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George Washington Introduction

What George Washington did... and why you should care

George Washington was the father of his country. His service to the American nation was almost total. As general of the Continental army, he led the fight that achieved the country's independence. As chair of the Constitutional Convention, he helped give that country its government. And as that government's first president, he not only guided the nation safely through its most vulnerable years, but established the precedents that still shape the presidency today. He was an international celebrity and a national hero, even in his own day. It's only a small exaggeration to say that the very existence of the United States is his legacy.

The middle child of a middling Virginia family, Washington knew from a young age that he would have to earn his own glory; he would never inherit it. Trained as a surveyor and comfortable with the frontier West, he joined the Virginia militia as a means of social advancement. The French and Indian War soon gave him opportunities to distinguish himself, and he rose through the ranks, becoming the most famous fighting man in America. He left the army, a full colonel, to marry the most eligible widow in Virginia, her fortune allowing him to live a life of privilege among Virginia's elite.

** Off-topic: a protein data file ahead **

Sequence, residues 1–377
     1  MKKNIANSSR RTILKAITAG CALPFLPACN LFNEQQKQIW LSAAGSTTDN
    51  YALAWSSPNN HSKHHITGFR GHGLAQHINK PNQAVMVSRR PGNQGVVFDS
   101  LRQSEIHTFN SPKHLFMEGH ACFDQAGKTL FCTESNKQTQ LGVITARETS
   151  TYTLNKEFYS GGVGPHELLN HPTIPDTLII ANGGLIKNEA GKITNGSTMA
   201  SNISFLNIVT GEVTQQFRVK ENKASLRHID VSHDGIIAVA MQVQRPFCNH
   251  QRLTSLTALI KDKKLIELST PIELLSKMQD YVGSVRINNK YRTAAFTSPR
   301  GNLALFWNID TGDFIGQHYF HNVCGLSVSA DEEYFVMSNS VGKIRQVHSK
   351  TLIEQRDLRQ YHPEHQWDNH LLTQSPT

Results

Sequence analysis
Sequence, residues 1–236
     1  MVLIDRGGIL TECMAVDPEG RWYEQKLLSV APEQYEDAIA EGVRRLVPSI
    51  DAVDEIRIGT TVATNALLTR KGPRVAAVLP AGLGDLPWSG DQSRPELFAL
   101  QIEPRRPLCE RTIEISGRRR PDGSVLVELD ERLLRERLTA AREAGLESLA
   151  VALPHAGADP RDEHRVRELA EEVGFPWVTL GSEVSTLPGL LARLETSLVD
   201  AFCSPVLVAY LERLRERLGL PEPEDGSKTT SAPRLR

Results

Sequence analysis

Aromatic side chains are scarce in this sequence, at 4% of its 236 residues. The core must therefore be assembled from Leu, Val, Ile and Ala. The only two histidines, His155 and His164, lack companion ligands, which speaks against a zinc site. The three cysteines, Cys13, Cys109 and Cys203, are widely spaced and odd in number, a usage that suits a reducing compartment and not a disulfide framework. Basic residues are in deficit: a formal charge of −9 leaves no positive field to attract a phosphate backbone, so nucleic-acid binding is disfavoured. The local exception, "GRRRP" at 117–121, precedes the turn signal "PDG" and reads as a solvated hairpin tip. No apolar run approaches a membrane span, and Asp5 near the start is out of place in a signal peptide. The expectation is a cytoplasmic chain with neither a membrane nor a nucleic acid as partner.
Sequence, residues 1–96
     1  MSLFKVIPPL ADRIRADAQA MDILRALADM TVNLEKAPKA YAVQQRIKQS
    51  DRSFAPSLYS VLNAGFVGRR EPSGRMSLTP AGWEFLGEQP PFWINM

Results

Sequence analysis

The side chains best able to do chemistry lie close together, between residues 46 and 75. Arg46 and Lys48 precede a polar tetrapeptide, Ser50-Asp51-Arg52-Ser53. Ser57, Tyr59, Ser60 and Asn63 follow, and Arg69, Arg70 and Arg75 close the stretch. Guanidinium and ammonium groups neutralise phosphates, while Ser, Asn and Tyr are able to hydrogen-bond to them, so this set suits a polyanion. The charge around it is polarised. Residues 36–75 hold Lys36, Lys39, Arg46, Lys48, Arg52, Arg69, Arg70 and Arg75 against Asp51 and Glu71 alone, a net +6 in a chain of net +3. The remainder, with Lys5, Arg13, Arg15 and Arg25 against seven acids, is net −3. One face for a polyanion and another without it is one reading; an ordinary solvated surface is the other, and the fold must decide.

The slights he suffered while serving in Virginia's colonial assembly, together with exposure to Whig ideology, turned him into a radical defender of colonists' rights. When, following the Boston Tea Party, Britain took an increasingly aggressive stance against the colonies, Washington steeled himself for war. Chosen unanimously to lead the colonial forces, he built an army and led it to victory, becoming the most powerful symbol of a new American nationhood. Independence secured, he voluntary relinquished power, earning the world's awe.

When the new government appeared too weak to rule the nation he had fought for, Washington returned to public life, chairing the convention to rewrite its founding charter and serving as the new government's first president. His unquestionable virtue, wise judgment, and unmatched record of service united a disparate country, lending legitimacy to the government. Retiring only after the new government was firmly established, and ever concerned about his legacy, Washington freed his slaves upon his death, lest his public and private lives seem out of harmony. He remains, more than two hundred years after his death, the quintessential embodiment of American greatness.

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